• No physician is in attendance.
• The attending physician was unable or unwilling to certify the cause of death.
• The attending physician has not been an actual attendance within 30 days prior to death.
• All cases in which trauma may be associated with the death; such as traffic accidents, gunshots, falls, etc. This includes inpatients who have sustained fractures at any time in the past.
• Deaths by poisoning, suspected poisoning, chemical or bacterial, industrial hazardous materials or radiation.
• All industrial accidents.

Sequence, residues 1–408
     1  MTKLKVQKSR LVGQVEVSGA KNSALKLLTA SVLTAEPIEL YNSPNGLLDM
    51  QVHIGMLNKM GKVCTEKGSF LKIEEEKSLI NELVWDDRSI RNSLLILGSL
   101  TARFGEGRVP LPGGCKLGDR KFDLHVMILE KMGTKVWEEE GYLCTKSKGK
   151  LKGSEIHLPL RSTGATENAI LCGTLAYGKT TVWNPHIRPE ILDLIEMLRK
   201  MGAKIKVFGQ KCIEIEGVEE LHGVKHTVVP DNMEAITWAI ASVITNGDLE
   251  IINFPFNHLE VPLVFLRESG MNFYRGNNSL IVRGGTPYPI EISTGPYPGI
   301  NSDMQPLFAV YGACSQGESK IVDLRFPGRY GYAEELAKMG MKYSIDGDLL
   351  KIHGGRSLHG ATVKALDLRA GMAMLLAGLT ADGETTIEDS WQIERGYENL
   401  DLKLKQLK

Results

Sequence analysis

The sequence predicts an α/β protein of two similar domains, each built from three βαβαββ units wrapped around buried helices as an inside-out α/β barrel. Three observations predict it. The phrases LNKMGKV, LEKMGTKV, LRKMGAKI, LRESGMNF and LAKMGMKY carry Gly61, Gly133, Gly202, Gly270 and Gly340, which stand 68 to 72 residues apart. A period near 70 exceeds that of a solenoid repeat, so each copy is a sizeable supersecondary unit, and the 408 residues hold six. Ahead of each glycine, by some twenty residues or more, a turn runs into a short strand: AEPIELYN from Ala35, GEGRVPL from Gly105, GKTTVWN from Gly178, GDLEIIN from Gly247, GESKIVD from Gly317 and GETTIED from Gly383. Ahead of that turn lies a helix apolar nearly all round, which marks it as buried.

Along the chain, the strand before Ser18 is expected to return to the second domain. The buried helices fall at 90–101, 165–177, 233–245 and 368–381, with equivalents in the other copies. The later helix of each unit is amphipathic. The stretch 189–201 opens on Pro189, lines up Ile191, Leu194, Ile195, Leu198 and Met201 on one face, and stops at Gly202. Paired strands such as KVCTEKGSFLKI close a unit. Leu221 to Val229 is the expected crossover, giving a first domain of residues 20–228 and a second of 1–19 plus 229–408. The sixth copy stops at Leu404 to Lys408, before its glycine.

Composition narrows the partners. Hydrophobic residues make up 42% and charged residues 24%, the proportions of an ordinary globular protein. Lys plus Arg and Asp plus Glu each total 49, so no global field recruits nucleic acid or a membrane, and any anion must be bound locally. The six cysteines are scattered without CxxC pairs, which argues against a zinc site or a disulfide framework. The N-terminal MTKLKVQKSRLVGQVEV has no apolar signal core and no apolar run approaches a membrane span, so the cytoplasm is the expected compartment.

• Known or suspected suicides.
• Deaths due to contagious disease.
• Deaths due to self-induced or unexplained abortion.
• Operating room deaths and deaths that occurred during a medical procedure.
• All unexplained deaths (deaths that occurred in a healthy individual).
• Deaths that occurred within 24 hours of admission to a hospital or nursing care facility.
• Deaths in the custody of law enforcement.
• Deaths of persons in the care of a public institution.
The investigation of the death by the Coroner’s Office is an extremely important function as it is done by an independent agency who does not work for the law enforcement agency, the physician, the nursing home, the hospital, the prosecution or the defense, but works on behalf of the deceased to obtain the truth about their death.